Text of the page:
The epidemiological and clinical survey was undertaken in four villages of Abule-Titun, Apojola, Ibaro and Imala-Odo, near Abeokuta, Ogun State. All villages are located on the immediate shoreline of Oyan River dam (7°15′30″ N, 3°15′20″ Ε), and were known to be highly endemic since 1991 till date (Ofoezie et al. 1991; Mafiana et al. 2003; Akinwale et al. 2010; Ekpo et al. 2012). All resident young girls (>5–16 years old) and women of child bearing age (>16–49 years old) were invited to participate in the study. The communities (average size of 200 inhabitants) are predominantly fishing settlements established soon after the construction of the Oyan River dam (Ofoezie et al. 1991). Locally there is an annual school-based treatment campaign in school children, but infections in pre-school children and non-enrolled school-aged children are not treated. Similarly, the Ogun State does not provide access to preventive treatment for adults although praziquantel can be purchased in nearby private pharmacies at a cost of 1 USD per tablet.

Ethical approval and considerations

Ethical approval was granted by the ethical review board of State Hospital Ijaye, and Ogun State Ministry of Health, Abeokuta. Community sensitization and mobilization was initially undertaken through the primary health care coordinator and local headman/community leader in each village. After explaining the objectives of the study informed written consent was obtained from the child's guardian and adult participant. All participant consenting to the study procedures were provided with praziquantel treatment (40 mg kg−1) in accordance with their height, using dosing poles.

Participant interviews and questionnaires

Participant interview was conducted on site by the field team. A questionnaire was used to obtain information on socio-demographic characteristics, and each participant was asked to describe any urogenital signs and symptoms they were experiencing currently or recently. In an attempt to standardize symptomologies a vaginal discharge colour chart (Fig. 1) was use used to clarify discussions (Hegertun et al. 2013). The colour chart exemplifies presence of blood or vaginal discharge. Environmental risk factors such as participants’ day-to-day water contact activities putatively associated with urinary schistosomiasis and FGS were ascertained through more in-depth interviews. All discussions were made in local languages and simplified to the best understanding of the young female children (5–15 years).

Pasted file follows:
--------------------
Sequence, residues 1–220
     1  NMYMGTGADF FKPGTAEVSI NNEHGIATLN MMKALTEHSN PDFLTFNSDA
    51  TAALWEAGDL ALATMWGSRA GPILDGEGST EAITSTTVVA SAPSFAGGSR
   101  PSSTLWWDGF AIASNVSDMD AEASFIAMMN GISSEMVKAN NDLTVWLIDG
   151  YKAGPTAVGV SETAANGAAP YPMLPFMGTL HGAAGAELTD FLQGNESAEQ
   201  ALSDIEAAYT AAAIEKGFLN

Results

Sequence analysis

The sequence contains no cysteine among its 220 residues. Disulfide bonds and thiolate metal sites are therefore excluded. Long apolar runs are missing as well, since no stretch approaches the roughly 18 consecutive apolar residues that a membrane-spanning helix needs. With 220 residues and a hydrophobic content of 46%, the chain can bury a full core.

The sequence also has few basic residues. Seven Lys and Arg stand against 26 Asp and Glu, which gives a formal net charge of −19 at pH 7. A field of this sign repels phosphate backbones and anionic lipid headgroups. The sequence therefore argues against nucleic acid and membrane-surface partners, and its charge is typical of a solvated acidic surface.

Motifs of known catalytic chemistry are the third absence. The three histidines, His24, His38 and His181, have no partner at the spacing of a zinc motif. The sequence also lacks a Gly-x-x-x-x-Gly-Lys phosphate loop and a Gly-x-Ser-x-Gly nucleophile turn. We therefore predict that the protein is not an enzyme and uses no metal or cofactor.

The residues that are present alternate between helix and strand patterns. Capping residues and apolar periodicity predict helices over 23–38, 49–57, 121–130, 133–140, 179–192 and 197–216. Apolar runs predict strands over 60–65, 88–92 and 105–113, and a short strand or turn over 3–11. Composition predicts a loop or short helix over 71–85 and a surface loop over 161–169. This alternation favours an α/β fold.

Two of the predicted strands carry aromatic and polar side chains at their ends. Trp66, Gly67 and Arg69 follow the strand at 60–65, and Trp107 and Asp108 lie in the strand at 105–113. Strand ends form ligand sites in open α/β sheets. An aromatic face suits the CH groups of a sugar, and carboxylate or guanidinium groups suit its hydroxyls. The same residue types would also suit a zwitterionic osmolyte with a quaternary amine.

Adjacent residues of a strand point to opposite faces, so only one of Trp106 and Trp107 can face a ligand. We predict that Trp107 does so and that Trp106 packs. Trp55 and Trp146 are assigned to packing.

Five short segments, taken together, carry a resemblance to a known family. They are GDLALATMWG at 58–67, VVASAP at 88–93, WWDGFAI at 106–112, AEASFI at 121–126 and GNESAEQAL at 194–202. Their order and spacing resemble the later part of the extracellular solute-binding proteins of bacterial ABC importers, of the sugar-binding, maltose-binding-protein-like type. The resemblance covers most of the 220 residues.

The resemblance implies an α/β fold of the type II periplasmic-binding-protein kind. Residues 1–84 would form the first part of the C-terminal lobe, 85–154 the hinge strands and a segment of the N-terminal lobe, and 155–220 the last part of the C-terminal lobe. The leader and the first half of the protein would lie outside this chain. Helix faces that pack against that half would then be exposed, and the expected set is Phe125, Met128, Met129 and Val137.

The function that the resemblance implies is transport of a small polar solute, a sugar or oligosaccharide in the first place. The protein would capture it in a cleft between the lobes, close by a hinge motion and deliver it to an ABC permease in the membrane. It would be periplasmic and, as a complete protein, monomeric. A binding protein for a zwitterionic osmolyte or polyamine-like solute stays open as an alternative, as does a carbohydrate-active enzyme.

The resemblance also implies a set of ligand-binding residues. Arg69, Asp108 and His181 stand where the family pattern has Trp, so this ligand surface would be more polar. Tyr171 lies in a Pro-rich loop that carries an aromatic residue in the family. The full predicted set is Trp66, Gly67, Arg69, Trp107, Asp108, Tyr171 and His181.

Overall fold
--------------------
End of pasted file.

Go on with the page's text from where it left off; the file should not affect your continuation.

Fig. 1. Standardized symptomologies using a vaginal discharge colour chart (Hegertun et al. 2013) for visual comparisons.

Diagnosis of urogenital schistosomiasis

A 10 mL mid-stream urine sample was collected from each participant during late morning or early afternoon. Urines were preserved with 10% formaldehyde and transported to the laboratory chilled on ice-packs for light microscopy. Samples were centrifuged at 1500 rpm for 10 min in a benchtop centrifuge, and sediments were examined for ova of S. haematobium at ×100 magnification. Sample processing and examination, as well as clinical investigations and colposcopy, were undertaken by a female gynaecologist in the local community health facility.

Colposcopy and clinical examination for FGS

Twenty adult female participants out of the 317 participants consented to gynaecological examination by a female gynaecologist. Examination commenced with vaginal lavage with a solution of 3% sodium chloride then followed by photo-colposcopy. The cervico-vaginal surfaces were inspected following guidelines in the outlined in the WHO FGS pocket atlas, specifically noting five clinically visible manifestations: contact bleeding, pre-contact bleeding, yellow sandy patches, grainy sandy patches and abnormal blood vessels (WHO, 2015). FGS was defined as having grainy sandy patches or homogenous yellow sandy patches. Tissue biopsy of the cervico-vaginal surface was not performed.